Why Civil Engineers Build Concrete Canoes & How it Benefits Them

A close up of the side of the Rowan concrete canoe.

Civil Engineering Majors Learn, Network & Race in ASCE Competition

In the annual concrete canoe competition, Rowan University Civil Engineering students and the American Society of Civil Engineers, alongside engineering students from other schools in the area, compete. Each engineering team must determine what kind and mixture of lighter materials they should combine with the concrete to keep their boats floating, to overcome the issue of concrete being heavier than water. Here we have an inside look at a concrete canoe through the eyes of two Rowan University students. 

A student stands with hands clasped behind his back, watching the Rowan crew carry their concrete canoe.
Rowan Civil Engineering students preparing their canoes.

Starting off we have Debbie Baran, a senior civil engineering major at Rowan University. She says about her major, “I decided to go into civil engineering because I was really good at math. I went to an engineering summer workshop at another university as a high schooler, and I really liked it. And I just decided to go with it.”

Debbie went on to illustrate her future plans with her engineering degree, sharing, “I actually already have a job. I’m working for South State Construction. After I graduate, I’ll be a project engineer. So basically we’re just going to be managing different construction projects. For example, this past summer I interned with them and we were doing warehouses, road widening, and new traffic lights too.”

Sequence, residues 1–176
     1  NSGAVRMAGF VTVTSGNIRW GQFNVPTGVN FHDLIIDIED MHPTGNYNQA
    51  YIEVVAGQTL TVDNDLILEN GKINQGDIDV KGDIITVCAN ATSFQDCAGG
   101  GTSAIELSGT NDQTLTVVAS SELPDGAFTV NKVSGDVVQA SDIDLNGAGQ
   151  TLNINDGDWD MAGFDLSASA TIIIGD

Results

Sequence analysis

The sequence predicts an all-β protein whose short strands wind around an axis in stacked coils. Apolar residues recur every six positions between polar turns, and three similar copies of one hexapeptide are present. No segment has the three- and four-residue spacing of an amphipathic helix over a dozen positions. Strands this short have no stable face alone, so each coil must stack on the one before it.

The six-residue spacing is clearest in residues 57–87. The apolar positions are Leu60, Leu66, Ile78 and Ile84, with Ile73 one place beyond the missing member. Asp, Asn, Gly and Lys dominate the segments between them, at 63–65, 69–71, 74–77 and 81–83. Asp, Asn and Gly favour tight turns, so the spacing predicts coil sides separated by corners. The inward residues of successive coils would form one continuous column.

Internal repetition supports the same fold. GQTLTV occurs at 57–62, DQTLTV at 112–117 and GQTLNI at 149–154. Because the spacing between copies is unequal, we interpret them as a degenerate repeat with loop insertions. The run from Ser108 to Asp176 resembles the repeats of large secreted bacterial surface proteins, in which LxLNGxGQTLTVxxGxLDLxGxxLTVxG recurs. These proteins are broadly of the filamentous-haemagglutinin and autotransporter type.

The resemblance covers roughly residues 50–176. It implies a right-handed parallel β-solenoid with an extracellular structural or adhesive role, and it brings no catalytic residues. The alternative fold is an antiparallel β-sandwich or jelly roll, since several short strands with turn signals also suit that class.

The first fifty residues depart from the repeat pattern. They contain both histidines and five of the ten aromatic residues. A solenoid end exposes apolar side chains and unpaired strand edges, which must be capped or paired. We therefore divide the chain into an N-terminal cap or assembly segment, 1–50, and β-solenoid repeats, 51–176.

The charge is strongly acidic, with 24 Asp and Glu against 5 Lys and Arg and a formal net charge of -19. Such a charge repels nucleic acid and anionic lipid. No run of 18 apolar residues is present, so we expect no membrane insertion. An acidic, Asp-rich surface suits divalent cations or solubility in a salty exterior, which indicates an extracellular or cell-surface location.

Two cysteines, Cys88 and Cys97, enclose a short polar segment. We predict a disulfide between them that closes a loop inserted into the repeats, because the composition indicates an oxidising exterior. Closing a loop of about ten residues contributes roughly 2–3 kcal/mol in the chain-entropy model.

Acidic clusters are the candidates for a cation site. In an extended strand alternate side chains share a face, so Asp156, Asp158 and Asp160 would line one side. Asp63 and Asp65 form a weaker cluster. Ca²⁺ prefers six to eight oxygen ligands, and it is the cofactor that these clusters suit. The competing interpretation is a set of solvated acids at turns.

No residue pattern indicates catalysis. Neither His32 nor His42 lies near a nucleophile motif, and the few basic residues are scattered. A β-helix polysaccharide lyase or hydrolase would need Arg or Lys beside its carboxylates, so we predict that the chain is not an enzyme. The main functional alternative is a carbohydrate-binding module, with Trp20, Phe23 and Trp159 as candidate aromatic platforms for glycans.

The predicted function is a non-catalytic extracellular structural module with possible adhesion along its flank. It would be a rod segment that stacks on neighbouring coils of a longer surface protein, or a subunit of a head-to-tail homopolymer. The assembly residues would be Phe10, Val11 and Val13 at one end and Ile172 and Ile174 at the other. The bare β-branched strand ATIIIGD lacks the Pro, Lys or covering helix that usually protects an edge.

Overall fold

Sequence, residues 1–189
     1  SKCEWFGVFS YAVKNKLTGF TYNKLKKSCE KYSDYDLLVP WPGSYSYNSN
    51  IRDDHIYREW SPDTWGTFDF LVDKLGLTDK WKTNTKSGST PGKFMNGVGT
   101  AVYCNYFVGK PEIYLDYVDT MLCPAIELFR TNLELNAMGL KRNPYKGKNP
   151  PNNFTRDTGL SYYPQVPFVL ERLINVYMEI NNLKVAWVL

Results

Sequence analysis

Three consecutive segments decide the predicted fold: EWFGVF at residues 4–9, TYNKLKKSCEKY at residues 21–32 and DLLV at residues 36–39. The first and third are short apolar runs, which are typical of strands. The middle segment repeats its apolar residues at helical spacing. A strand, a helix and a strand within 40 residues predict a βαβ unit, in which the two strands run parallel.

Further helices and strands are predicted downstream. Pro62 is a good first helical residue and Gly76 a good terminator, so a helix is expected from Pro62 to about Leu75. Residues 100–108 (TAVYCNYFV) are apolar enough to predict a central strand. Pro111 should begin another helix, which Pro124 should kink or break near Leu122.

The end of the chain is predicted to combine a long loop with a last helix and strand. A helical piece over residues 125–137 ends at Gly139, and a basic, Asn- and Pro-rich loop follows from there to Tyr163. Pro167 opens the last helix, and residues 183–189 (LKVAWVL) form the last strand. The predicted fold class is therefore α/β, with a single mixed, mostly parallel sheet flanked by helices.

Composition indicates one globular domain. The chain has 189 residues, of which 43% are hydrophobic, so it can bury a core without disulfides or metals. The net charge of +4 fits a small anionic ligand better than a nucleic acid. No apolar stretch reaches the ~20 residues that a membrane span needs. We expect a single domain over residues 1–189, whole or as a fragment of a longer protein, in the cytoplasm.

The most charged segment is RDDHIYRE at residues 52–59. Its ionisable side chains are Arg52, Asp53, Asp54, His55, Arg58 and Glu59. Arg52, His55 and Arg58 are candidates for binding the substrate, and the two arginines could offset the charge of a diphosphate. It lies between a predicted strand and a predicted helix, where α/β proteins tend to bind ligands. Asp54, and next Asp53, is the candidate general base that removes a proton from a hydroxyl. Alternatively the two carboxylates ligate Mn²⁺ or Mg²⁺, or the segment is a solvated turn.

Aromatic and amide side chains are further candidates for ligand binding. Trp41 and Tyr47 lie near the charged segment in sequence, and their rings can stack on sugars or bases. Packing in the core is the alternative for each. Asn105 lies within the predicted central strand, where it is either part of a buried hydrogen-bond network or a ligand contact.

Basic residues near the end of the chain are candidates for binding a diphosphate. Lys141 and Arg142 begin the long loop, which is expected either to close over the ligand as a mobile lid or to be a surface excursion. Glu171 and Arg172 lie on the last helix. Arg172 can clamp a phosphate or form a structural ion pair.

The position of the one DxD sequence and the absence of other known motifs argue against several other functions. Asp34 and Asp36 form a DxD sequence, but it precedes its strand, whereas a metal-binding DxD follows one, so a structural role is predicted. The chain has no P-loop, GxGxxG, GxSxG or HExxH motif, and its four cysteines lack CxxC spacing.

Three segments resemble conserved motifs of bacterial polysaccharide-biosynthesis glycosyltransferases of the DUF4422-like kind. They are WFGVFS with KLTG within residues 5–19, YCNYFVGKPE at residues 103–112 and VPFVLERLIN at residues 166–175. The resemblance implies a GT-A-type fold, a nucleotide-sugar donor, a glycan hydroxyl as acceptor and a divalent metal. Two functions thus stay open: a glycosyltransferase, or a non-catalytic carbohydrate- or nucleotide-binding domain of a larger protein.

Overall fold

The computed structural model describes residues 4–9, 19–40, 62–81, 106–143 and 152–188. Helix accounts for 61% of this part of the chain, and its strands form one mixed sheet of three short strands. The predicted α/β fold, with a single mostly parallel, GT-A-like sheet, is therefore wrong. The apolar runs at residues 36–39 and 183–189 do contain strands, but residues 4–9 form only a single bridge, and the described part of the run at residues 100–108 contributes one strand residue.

A person pushes the canoe into the water, as two students row.
Concrete canoes in action!

Continuing on when asked to elaborate a little bit about what ASCE is, Debbie painted a clear picture. Explaining, she says, “ASCE is the American Society of Civil Engineers, so it’s a club that Rowan and anyone can participate in, but it’s mostly civil engineers who participate in it. They hold competitions like this one, which is a three-day competition. And basically, it’s just to get involved in the major itself. It’s perfect for networking and finding connections, for not only internships and jobs, but also just for post-graduate life, staying within the discipline and being involved.” She went on to add that her choice to join was “because I really wanted to make connections with people in rowing, with professors, but also with my classmates.”

Debbie went on to talk more about what comes along with the concrete canoe competition itself stating, “For example, if we win first place in this competition, we get to go to Wisconsin and compete in a finals competition and it’s all paid for and everything. So it’s really a fun time and it’s a great experience.” She went on to set the scene for the day’s race, “We have the straight-away race, so it’s a 200-meter race and you have to go up and back. There’s a girls team and there’s a boys team. That’s the first race just up and back straight. And then there’s the Sloan race, which is the obstacle course. You have to basically bob and weave throughout the BU out there. And then there’s also a coed race, which is a 400-meter race. So there’ll be two boys and two girls participating in that, and I’m looking forward to it.”

A big picture view of three concrete canoes in the water.